Fiction Contest Winner
[In] the process of grieving we wait in full knowledge that what we wait for will
--Charles Baxter, “Stillness"
--Charles Baxter, “Stillness"
It’s time to feel better. Shloshim is over, the thirty days when we can’t go to parties or clip our fingernails. I’m not observant but Nate was, so we’re trying it on. I am. Going through the Jewish motions. I shaved my thirty-day beard and got a haircut. My beard is gray though my hair’s still brown, most of it; I still have most of it. In the barber’s mirror I looked younger. Shloshim means thirty.
For the moment I am able to work. I meet my scheduled classes. In accord with Jewish law I went back right after shiva. But after three hours of studio I drive home as if I just woke up. As if all day there was another I out in the world, affecting people. Who came to my office hour? Was I helpful? Who in the hallway said comforting things? I try to imagine how I look, zombie-ish, probably. Before I shaved, someone said I looked like a hippie. Thea says I look shell-shocked.
Not that my job is in danger. People are kind; I have what is called leeway. Praise ye the tenure system. But where my emotions reside, or are said to, I don’t care. I’m trying to be accurate. The sheets are off our mirrors, and I look at myself to see what’s left. I must care about some things. Thea; Dylan. I don’t want to lose my job. I want to do my part for my abridged family. But when Dylan tells me a stupid, funny thing his gym teacher said, and I know he won’t always be twelve years old wanting my attention, I get heavy in the gut, like I’ve eaten too much. Thea and I keep to our sides of the bed like there’s a hole in the middle. But when I think of holes, all I see is Nate’s open grave and the basketball his friend threw in for him. It bounced on the casket and bounced out and I started to laugh. O God.
I never thought he would die. Not when he was diagnosed. Not when the cancer came back. Not even as he took his last breath, because who knew there would not be another? His breaths were unusually slow that night, far apart, and I lay beside him reading to him from Dave Barry and doing some cheerleading in my mind. Come on, breathe a little faster. Deeper. He exhaled once, harsh and loud, in his bed at home—not a hospital bed, the same futon he’d slept on since he left the crib. He was walking, going to the bathroom on his own. He was not in hospice care. With a spurt of hopefulness I waited for his next, yet-more-vital breath, and it didn’t come. It didn’t come. I waited, putting off full comprehension. Then something must have thrust me through and past, because for no reason that I grasp even now (my unbelief having just been reaffirmed), I rolled over to him and murmured in his ear,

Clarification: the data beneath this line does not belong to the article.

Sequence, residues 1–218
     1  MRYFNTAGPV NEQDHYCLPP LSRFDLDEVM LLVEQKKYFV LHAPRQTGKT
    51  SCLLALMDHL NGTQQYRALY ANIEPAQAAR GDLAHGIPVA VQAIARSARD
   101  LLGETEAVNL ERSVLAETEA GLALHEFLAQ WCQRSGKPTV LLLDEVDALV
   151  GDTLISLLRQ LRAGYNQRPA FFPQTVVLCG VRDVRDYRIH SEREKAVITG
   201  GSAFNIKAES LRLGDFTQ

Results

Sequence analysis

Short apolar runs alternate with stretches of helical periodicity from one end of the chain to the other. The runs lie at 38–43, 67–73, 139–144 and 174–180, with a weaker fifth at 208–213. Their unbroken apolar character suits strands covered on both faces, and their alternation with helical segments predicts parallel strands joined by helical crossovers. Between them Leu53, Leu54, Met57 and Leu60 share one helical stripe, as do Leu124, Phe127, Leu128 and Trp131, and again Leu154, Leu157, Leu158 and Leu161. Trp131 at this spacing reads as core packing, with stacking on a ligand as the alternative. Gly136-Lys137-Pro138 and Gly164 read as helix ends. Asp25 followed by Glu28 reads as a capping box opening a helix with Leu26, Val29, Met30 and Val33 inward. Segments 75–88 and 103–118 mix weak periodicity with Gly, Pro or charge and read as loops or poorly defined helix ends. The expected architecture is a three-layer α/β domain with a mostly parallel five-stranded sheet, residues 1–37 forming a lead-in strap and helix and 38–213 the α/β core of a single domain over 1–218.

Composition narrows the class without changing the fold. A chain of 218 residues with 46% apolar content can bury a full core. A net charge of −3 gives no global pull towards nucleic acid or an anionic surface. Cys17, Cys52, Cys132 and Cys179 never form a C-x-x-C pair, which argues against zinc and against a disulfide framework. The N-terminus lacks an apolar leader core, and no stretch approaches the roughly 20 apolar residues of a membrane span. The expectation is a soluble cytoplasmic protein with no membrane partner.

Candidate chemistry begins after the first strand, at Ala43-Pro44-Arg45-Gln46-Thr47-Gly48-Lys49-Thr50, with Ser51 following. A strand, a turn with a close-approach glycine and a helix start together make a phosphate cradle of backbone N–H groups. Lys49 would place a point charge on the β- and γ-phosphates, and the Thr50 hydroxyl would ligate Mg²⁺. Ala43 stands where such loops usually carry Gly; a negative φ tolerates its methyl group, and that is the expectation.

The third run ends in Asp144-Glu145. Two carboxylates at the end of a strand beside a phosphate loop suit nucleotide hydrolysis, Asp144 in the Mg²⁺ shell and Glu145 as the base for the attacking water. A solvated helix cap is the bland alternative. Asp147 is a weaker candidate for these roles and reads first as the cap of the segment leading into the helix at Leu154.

Shma yisrael adonai elohenu adonai echod.
Hear, O Israel. The Lord our God, the Lord is One.
Boruch shem k’vod malchuso l’olam va’ed.
Blessed be God’s name and glorious kingdom forever and forever,
the mandated last words on a Jew’s lips. I hope he heard. And that it made his light glow brighter, if there was light. Now, though, I wish I’d held him. Maybe his mind was still chugging away in there (according to the Tibetan Book of the Dead the soul lingers by the body for three days). His neck was warm. It’s been two months, spring is here, and I’m freezing cold.
The Jewish Way of Mourning
Today V’ad Chesed called. There’s a retreat in the fall for Jewish parents who lost children to cancer. At Camp Osher Hanefesh where Nate went in remission. It’s free, even the plane fare. Thea thinks we should go. I don’t know. Being with all those believers. At Camp Happiness.
Before he got sick we were happily secular. I was, yes, a Son of the Covenant but had no such plans for the boys. We joined a temple only because my father begged, in honor of his father. Bet Hashemesh, House of the Sun, called by Nate (haha!) House of the Rising Sun (not that he necessarily understood the joke). It was Reform, tolerant and inclusive. Rabbi played the guitar, God was unisex, called God and not He/ Him. But the main sanctuary was domed like a church, a big bubble for genderless “God” to bob around in. In Exodus, Jews prayed in a tabernacle, 45’ x 15’ x 15’ (multiply by 2/3 to convert back to cubits), long and low like a Frank Lloyd Wright house. The kids had their own complaints: Sunday school didn’t count (as did their grammar school). It took up time better spent on basketball. When Tuesday-Thursday practice with the cantor was added to the program, Nate threw a fit.
I can’t say we tried that hard to return him to Yahweh. Why make a kid recite mishmash, not to mention what the party costs. Then our personal bomb drops; someone hooks us up with V’ad Chesed, the Jews’ Make-a-Wish. And instead of Disney World or lunch with Bret Favre, Nate gets a Hassid “big brother,” to visit him in the hospital and take his mind off of bad things when he’s home. And maybe convert him too, but so what? Whatever his brand of Judaism, this young man was just plain good; seemed to enjoy hanging out with a sick kid. Seriously ill. He took Dylan on too, took them places we avoided that they loved—horror films, laser tag, a huge, crowded video arcade called Dave & Busters—and suddenly Nate was a Hassid. We went to a dinner for cancer families, sixty or eighty people at a kosher restaurant in Skokie. We ate in a private hall, and afterward there was dancing and singing, the cancer boys and their Lubavitcher mentor-pals circling the tables. It was a bit disconcerting since the girls didn’t dance and the men we met wouldn’t shake Thea’s hand, but the sick kids were into it—teenagers in baseball caps or openly, exuberantly bald, hopping around like I never would have at that age, some of them older than Nate. And suddenly in and out of the hospital Nate was studying Torah. Life beckoned sacrosanctly. His shrunken tumor was removed, scans showed him cancer-free. One steamy July morning he became a bar mitzvah, impressing us all with the clarity and length of his recitation.